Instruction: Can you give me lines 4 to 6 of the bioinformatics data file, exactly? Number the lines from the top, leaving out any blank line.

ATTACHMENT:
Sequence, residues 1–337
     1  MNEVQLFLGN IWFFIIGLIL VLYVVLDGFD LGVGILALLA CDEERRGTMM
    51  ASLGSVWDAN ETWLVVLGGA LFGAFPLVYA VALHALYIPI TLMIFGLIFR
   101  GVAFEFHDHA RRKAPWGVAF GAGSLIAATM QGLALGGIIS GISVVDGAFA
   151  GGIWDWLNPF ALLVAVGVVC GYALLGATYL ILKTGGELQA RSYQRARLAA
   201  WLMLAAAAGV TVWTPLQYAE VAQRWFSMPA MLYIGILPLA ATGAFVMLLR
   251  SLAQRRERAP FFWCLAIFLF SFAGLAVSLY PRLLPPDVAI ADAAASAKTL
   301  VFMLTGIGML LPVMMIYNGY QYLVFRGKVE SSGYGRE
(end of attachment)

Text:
   101  GVAFEFHDHA RRKAPWGVAF GAGSLIAATM QGLALGGIIS GISVVDGAFA
   151  GGIWDWLNPF ALLVAVGVVC GYALLGATYL ILKTGGELQA RSYQRARLAA
   201  WLMLAAAAGV TVWTPLQYAE VAQRWFSMPA MLYIGILPLA ATGAFVMLLR